janet @ the taste space

Wild Mushroom and Minted Brussels Faux Pho

In Favourites, Mains (Vegetarian), Soups on September 28, 2013 at 6:20 AM

Wild Mushroom and Minted Brussels Faux Pho

Apparently, the worst is behind me.

While my homies in Canada relish in local winter squashes, apples and other fall delights, Houston is experiencing its autumn as well. Last weekend as Rob and I went out for our weekly cronut ride, wherein we no longer buy cronuts, almost overnight, after the torrential rains had abated, there was a bit of a nip in the morning air. Of course, this is still Houston. It is all relative. Translation: It was only 20C (68F) that morning but I was cold in my sleeveless shirt and shorts. My parents are battling frost warnings at night, and their highs are still our lows. A few days later and a few degrees more, we are back in summer mode. As I write this, at 6am on the last Saturday in September, it is 25C, feels like 36C (77F and 97F respectively). Five degrees short of the day’s high. Woe is me. I am really looking forward to this “winter”. Perhaps this could entice more people to come visit me?? 🙂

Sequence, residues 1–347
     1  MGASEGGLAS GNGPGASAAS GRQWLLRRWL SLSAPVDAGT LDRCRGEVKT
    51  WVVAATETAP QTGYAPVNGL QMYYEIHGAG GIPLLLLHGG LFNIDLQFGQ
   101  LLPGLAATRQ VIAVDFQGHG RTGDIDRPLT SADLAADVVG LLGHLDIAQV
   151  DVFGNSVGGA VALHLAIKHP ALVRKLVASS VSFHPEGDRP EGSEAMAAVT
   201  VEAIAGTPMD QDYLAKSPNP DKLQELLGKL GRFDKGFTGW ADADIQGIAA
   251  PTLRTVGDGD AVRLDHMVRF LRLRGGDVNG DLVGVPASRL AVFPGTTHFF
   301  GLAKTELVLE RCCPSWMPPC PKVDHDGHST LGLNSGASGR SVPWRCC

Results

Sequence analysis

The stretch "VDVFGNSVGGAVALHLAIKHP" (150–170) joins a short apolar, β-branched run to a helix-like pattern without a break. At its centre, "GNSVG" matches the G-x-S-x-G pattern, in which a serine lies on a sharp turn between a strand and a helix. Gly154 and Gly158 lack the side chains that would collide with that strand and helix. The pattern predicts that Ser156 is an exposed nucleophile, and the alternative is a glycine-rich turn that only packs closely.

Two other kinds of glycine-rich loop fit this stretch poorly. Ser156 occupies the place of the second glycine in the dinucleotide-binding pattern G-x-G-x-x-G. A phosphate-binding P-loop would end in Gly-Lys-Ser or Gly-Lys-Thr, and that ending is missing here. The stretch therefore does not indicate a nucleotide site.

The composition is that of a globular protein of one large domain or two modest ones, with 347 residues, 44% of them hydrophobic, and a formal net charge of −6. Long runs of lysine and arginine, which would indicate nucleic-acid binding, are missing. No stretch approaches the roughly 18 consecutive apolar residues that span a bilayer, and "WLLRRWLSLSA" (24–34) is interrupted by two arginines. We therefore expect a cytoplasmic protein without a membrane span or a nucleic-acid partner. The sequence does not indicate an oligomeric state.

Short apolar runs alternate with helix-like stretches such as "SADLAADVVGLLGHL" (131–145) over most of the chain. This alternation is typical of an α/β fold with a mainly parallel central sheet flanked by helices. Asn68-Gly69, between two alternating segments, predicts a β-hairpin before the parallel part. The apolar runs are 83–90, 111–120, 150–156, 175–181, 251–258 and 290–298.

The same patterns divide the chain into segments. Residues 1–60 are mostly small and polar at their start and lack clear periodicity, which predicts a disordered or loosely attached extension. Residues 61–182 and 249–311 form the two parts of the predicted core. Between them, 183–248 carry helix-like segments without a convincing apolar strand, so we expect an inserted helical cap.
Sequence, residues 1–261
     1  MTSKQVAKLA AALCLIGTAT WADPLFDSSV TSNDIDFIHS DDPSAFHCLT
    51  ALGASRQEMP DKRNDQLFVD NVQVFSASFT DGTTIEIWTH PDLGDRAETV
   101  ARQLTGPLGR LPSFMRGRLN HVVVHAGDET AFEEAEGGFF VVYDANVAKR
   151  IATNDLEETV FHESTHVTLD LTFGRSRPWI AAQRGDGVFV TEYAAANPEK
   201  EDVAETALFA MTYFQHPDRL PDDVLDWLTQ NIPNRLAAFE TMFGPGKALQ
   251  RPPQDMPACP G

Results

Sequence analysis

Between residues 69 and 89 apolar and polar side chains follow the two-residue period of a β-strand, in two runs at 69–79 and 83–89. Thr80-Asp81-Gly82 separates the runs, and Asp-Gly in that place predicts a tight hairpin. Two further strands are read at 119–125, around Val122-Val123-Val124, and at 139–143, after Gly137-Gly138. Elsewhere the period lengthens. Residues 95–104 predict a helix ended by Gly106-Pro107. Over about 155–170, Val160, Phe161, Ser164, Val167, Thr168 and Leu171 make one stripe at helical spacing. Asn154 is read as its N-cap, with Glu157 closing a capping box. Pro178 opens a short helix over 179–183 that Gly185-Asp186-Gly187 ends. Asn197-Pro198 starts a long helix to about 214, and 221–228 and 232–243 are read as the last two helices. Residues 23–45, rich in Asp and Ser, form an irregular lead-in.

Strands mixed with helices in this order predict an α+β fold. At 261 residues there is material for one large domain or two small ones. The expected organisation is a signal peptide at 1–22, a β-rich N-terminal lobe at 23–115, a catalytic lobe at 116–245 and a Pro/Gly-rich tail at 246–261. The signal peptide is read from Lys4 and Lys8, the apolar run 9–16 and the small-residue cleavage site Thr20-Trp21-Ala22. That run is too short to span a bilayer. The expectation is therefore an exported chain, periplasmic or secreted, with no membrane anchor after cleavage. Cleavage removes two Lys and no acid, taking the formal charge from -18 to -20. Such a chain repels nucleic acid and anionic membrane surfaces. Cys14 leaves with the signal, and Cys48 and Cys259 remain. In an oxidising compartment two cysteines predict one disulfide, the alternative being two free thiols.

While I have not yet been craving kabocha squashes, I spotted a stalk of Brussels sprouts at the grocer. With a cute tag that exclaimed “We’re back!”. In Ontario, I’ve associated Brussels sprouts as fall/winter vegetables and ate my weight in them last year. I broke down and carried the huge stalk home with me, almost cradling like a baby since I did not want to damage them.

Wild Mushroom and Minted Brussels Faux Pho

I ended up combining a ton of Asian goodies (thank you Viet Hoa) with the Brussels sprouts to create this very nice rendition of Vietnamese pho. The ingredient list is daunting, but it is a fairly simple soup to whip up. The abundance of vegetables creates a flavourful soup without too much of a soup base. The broth is nicely flavoured with ginger, star anise, tart lime juice, salty tamari and aromatic toasted sesame oil. Fresh mint adds a beautiful brightness. For the vegetables, seared Brussels sprouts, baby bok choy and meaty mushrooms make up the bulk of the soup. In addition, I added sliced water chestnuts, julienned bamboo shoots and baby corn (the latter all canned).  I haven’t cooked with them before, but the bamboo shoots were akin to short noodles and the water chestnuts added a neat crunch. Definitely recommended. I used a mix of Asian mushrooms (shiitake, Portobello and enoki) but feel free to use just one.

The soup made a ton and filled me up all week long. Leftovers were just as good, if not better. While this may not seem like a fall-inspired recipe, this seems like a Texan fall-inspired meal. A light veggie-filled soup perfect during the hot weather. Hannah told me she may stop to read my blog during the winter, as she lives in Toronto, missing her warm Aussie winters. Please don’t hate me for the abundant heat! 🙂

Have you fallen for fall veggies yet?